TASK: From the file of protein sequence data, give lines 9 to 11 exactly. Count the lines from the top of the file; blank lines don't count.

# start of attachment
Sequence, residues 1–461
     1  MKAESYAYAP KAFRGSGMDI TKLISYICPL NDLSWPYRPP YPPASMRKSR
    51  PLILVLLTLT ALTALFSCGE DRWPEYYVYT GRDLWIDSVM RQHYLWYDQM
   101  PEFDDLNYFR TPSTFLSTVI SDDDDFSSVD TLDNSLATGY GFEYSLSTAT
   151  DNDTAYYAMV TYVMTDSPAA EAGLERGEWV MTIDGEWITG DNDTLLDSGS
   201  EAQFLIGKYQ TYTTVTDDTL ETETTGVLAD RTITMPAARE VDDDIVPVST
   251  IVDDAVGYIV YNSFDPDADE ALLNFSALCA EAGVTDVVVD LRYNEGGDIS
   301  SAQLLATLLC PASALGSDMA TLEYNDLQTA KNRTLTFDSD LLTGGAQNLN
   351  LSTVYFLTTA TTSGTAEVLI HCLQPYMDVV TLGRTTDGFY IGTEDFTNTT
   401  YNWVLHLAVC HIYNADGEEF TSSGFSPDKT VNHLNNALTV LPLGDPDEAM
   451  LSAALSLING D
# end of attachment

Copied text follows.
   351  LSTVYFLTTA TTSGTAEVLI HCLQPYMDVV TLGRTTDGFY IGTEDFTNTT
   401  YNWVLHLAVC HIYNADGEEF TSSGFSPDKT VNHLNNALTV LPLGDPDEAM
   451  LSAALSLING D